Immediately before the NFL’s shield logo fills your TV screen and Super Bowl LII kicks off at U.S. Bank Stadium next Sunday, a Minnesota-based bank and ad agency will air a 30-second commercial in front of an anticipated crowd of more than 100 million viewers nationwide.
The work of U.S. Bank and Carmichael Lynch is but one effort Minnesota’s business community will enact with the Super Bowl in its backyard in Minneapolis. Other advertising firms have produced regional ads to air during the big game, and they will unveil “activations,” or interactive events, that showcase brands while entertaining potential customers.
“It’s an exciting time,” said Liz Ross, CEO of Periscope, a Minneapolis ad agency. “You cannot be in advertising and not love the Super Bowl because of all that it drives. It’s really the art and curation and passion within. … Whether it’s an experience on Nicollet Mall or a pop-up store or a commercial, it’s all sort of the best of the best. It will be really fun to watch and take form.”
The ads themselves are the most top-of-mind marketing surrounding the Super Bowl. An advertising executive from NBC Sports, which airs the game, said 30-second national commercials during this Super Bowl will cost more than $5 million, Sports Illustrated reported this week.
On top of that, one marketing executive told the New York Times last year that she recommends clients spend another 25 percent of their Super Bowl ad buy-in cost in promotion of it. The supplementation moves need to be multi-faceted rollouts that incorporate the growing trend that viewers watch the game in front of multiple screens, mainly with a phone clutched in their hand.
“What’s so interesting now is it’s no longer just one spot and done,” said Ellie Taylor, marketing and communications director at Carmichael Lynch. “Years ago everyone waited for that moment to see the spot, and now you see spots being released weeks ahead of time. People have trailers for the spot that will eventually be released. There are whole campaigns around 30 to 60 seconds of broadcast time. That is a big development over the years.”
Carmichael Lynch received praise for Subaru ads a few years ago about a Labrador retriever that keeps driving a sedan in an effort to put a puppy asleep in the backseat. They aren’t debuting a new U.S. Bank ad for the Super Bowl. The ad is called “Escape” and was rolled out last year:
Carmichael Lynch will have a different 30-second U.S. Bank spot air in Chicago market as well as a 60-second Jack Links Beef Jerky ad air in Minnesota during the third quarter. Minneapolis agency Colle McVoy will air regional ads locally from Explore Minnesota tourism and Cenex gas stations. Cenex does business in 19 states, and its ad will air in some of those markets. The ad is being kept under wraps.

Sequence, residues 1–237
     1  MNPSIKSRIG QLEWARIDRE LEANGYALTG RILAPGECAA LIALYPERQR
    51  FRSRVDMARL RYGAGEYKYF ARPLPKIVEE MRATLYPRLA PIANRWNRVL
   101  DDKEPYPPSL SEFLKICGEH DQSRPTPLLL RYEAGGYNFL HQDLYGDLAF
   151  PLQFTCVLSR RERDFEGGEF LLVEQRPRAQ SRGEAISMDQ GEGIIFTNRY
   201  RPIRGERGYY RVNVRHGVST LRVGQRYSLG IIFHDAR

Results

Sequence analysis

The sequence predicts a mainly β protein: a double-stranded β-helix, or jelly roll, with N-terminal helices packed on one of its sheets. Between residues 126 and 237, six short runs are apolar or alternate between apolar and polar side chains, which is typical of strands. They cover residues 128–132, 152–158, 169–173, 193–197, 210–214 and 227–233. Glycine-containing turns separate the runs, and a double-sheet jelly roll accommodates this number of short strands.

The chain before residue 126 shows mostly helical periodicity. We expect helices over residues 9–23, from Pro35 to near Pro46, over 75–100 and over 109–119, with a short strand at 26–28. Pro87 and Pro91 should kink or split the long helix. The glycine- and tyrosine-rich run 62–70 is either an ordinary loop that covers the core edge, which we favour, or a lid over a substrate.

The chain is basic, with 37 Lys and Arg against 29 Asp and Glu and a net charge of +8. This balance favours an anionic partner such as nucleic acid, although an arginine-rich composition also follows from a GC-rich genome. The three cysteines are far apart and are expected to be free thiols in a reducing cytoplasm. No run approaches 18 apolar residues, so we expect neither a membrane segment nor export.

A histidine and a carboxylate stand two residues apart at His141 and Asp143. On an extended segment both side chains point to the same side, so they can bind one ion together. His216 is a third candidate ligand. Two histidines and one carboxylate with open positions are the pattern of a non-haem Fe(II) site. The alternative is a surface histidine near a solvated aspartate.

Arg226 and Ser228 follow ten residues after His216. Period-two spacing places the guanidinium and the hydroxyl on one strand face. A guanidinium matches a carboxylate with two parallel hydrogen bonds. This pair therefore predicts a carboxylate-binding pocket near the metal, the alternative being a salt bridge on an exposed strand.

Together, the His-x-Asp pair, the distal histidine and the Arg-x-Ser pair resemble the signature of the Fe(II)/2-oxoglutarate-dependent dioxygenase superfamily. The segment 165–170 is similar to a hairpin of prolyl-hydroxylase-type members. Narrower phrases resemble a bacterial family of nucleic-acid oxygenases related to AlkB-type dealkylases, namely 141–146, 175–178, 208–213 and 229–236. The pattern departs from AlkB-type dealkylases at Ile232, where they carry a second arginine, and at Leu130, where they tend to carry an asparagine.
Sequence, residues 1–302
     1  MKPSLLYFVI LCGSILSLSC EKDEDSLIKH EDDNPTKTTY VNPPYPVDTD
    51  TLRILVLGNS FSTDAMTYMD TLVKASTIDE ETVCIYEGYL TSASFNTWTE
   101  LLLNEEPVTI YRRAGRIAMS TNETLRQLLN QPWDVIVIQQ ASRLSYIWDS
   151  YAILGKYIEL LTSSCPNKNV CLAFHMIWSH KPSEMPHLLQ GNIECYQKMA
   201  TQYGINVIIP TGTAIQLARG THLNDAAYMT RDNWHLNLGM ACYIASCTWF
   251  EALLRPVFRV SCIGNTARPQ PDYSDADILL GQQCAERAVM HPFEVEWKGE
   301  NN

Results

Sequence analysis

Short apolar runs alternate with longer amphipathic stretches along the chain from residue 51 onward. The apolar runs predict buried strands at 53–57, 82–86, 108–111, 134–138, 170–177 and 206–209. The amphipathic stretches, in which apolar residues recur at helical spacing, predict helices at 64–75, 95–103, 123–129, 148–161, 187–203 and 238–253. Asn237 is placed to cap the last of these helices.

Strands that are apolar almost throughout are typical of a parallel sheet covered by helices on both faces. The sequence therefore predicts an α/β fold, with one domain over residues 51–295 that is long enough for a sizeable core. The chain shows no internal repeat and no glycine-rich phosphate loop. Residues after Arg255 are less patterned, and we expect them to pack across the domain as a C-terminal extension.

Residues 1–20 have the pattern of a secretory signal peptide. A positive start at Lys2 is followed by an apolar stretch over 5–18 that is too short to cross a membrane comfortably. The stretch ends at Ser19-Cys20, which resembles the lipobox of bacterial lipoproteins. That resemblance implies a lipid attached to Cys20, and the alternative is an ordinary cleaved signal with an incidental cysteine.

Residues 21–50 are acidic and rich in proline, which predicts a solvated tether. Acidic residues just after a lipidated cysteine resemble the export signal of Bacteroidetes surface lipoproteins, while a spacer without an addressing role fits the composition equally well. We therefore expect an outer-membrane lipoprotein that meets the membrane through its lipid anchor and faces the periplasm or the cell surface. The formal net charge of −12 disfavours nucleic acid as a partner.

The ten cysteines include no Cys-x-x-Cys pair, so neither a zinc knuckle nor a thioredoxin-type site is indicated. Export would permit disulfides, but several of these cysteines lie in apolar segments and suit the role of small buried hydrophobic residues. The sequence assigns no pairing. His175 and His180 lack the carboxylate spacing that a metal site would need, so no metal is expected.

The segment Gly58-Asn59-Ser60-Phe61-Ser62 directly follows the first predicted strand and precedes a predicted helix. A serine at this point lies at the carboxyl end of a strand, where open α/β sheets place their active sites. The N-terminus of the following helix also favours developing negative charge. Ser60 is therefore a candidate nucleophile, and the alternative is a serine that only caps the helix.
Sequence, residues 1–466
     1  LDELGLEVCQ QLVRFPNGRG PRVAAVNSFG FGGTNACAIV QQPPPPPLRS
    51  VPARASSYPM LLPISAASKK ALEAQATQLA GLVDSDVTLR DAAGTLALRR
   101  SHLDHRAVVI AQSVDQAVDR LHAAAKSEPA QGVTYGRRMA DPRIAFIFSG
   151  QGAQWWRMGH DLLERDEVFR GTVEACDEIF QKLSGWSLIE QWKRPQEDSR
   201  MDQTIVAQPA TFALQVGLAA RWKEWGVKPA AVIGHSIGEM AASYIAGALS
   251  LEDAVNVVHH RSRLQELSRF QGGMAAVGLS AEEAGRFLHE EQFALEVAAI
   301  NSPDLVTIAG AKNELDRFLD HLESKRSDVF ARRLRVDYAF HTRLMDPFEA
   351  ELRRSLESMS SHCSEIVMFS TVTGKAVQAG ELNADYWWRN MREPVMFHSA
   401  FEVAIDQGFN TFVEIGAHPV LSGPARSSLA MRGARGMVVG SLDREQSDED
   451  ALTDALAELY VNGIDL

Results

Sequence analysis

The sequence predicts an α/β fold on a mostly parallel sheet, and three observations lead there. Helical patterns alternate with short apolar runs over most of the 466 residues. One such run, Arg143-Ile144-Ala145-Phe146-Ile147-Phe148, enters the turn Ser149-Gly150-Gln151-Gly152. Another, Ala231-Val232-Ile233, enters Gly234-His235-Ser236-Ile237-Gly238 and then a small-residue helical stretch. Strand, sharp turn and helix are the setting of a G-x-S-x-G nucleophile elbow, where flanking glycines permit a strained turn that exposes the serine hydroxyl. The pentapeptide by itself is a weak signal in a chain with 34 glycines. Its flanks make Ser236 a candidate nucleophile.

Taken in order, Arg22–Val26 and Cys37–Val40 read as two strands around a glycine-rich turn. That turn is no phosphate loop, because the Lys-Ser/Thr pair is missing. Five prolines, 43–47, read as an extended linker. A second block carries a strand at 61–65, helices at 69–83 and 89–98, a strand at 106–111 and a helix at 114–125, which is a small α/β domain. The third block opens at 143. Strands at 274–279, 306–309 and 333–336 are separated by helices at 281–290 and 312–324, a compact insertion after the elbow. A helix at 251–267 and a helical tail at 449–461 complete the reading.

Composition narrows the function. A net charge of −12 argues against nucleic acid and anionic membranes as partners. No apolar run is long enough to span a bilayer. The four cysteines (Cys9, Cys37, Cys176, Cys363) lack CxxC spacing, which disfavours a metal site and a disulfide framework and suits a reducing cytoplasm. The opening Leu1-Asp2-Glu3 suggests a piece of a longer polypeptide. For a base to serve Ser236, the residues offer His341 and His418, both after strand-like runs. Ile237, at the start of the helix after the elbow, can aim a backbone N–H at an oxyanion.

“We are keeping it a surprise until game day,” said Mike Caguin, chief creative officer at Colle McVoy. “I can assure that it’s going to be pretty fun.”
Local ad agencies declined to share their production costs for Super Bowl ads. These numbers increase with the use of celebrities or music.
But Caguin said regional ad buys can be a fraction of a national spot, sometimes less than $100,000, and increase when more markets are added.
“If you have clients that have presence in markets regionally, it’s a very efficient way to reach a lot of people,” Caguin said. “But also make it feel as if they are bigger brands and bigger companies advertising nationally, too, because to a viewer you are not discerning between the two. You are watching it and wanting to be entertained.”
A Super Bowl ad campaign can have marketing teams devoted to their unveiling, and lead times can range from six months to a year. Or they can be more last minute and based on cultural events or the teams playing. “It varies from client to client,” Taylor said.
The Super Bowl is one of the rare times viewers are rapt to advertising.
“You are trying to think through the context of the game and the viewership and trying to make things that are visually enjoyable to watch and whether it’s beautiful shots or entertainment, use of celebrities, “ Caguin said. “Also, conceptually is this a spot where we should leverage humor because that is a big part of advertising? Or is it an opportunity to express a point of view?